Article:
Donald Trump Would Lose to Both Hillary Clinton and Bernie Sanders in November, CNN Poll Projects

By Stoyan Zaimov , Christian Post ReporterMarch 1, 2016|9:15 amMarco Rubio

A combination photo shows U.S. Republican presidential candidates Marco Rubio (L) in North Las Vegas, Nevada on February 21, 2016, Donald Trump in Spartanburg, South Carolina, on February 20, 2016 and Ted Cruz (R) in Las Vegas, Nevada, on February 22, 2016. In South Carolina last weekend, exit polls showed Trump comfortably beat both his closest rivals Ted Cruz and Marco Rubio among evangelical voters, despite their more consistent appeals to Christian values.

A CNN/ORC Poll released on Super Tuesday has projected that Republican front-runner Donald Trump would lose to both Democratic candidates Hillary Clinton and Bernie Sanders at the general election in November, with Senators Marco Rubio and Ted Cruz both having better chances at beating the Democrats.

The survey of 920 registered voters, which was conducted February 24-27 and has a margin of sampling error of plus or minus 3 percentage points, found that Clinton would beat Trump 52 to 44 percent. Sanders is projected to fair even better, looking at 55 to 43 percent against Trump.

There were mixed results when it came to the other hypothetical matchups, with Florida senator Rubio leading against Clinton 50 to 47 percent. Rubio would face a tougher time against Sanders, the poll predicted, however, losing 53 to 45 percent.

Only a single point currently separates Cruz from Clinton, with the Texas Senator holding a 49 to 48 percent advantage. Sanders is also predicted to do well against Cruz, however, with the Vermont Senator beating Cruz by the highest margin of 57 to 40 percent.

Despite the hypothetical matchups for November, both Trump and Clinton are expected to win big in the Super Tuesday primaries of 12 states and one U.S. territory, a summary of polls compiled by RealClearPolitics.com suggested.

Trump continues to draw strong poll numbers despite a series of controversies, including one concerning the Ku Klux Klan. Although Trump later clarified he disavows KKK leader David Duke, he was initially hesitant to condemn him when asked in a CNN interview.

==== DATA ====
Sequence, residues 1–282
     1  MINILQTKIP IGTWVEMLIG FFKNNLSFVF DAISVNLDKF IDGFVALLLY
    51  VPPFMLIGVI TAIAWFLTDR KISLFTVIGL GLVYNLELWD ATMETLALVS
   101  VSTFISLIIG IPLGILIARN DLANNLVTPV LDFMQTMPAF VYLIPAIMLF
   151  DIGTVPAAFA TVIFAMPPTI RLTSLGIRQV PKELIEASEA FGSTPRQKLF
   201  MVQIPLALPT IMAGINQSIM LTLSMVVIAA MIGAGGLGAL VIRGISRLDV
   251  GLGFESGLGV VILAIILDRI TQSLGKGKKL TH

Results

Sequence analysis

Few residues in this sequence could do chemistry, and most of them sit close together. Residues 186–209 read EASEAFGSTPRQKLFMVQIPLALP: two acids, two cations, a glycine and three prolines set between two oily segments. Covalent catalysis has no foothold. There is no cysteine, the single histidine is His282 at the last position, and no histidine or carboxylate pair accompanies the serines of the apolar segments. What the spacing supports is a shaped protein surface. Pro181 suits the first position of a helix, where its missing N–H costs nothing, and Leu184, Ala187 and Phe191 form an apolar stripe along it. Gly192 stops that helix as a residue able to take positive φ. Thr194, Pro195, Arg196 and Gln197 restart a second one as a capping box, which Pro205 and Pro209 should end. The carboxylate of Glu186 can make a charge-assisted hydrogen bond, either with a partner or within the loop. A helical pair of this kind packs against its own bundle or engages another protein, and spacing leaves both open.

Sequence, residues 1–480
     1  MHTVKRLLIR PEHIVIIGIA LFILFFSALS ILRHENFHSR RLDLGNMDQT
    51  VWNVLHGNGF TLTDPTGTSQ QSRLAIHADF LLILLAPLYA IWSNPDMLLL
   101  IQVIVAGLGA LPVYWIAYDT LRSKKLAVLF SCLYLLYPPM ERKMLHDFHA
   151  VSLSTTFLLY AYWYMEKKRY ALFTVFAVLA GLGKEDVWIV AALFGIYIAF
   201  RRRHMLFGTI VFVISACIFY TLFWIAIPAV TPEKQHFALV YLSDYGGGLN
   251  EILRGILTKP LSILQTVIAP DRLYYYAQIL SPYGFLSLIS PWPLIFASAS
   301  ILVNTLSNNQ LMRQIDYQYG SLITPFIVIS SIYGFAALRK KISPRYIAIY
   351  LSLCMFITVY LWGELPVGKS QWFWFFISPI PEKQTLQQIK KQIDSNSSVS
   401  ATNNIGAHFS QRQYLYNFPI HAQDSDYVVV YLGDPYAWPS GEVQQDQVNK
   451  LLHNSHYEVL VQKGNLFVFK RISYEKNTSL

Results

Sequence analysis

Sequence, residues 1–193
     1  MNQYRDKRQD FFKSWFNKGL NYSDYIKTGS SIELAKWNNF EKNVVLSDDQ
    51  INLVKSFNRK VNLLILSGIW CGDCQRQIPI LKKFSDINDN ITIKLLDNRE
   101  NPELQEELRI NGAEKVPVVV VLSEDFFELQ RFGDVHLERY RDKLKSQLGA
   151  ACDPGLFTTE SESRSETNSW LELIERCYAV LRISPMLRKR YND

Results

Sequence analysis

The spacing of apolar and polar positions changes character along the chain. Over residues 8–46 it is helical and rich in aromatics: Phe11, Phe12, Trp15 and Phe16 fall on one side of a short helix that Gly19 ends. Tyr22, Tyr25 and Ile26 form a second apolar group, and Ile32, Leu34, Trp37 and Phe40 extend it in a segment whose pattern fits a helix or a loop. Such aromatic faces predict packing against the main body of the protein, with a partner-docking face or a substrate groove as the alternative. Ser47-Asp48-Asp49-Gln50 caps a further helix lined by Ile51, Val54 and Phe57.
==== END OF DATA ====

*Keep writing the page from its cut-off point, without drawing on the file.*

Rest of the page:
"I don't know anything about what you're even talking about with white supremacy or white supremacists," Trump said on Sunday.

"So I don't know. I don't know — did he endorse me, or what's going on? Because I know nothing about David Duke; I know nothing about white supremacists."

Trump's commanding lead in the polls was illustrated by another compilation by the Huffington Post, which said that Trump is leading the Republican field at 41.9 percent, followed by Cruz with 18.3 percent and Rubio at 17.2 percent. Although Trump has been strongly critisized by his fellow candidates, he was boosted last week by the endorsement of New Jersey Governor Chris Christie, who dropped out of the race.

The Super Tuesday CNN poll found that voters believe divisions in American society are growing bigger, with 78 percent of Democrats, Republicans and independents all indicating that the country is more divided on major issues now than in the past.

Trump and Clinton were most often selected as the candidates that could best handle specific issues, with Trump topping the list in the areas of the economy, terrorism, and immigration, while Clinton was the top choice in the areas of health care, race relations, and foreign policy.

Sanders was the only presidential candidate to be seen favorably by a majority of voters, however, with 60 percent saying they view him positively, and only 33 percent negatively.

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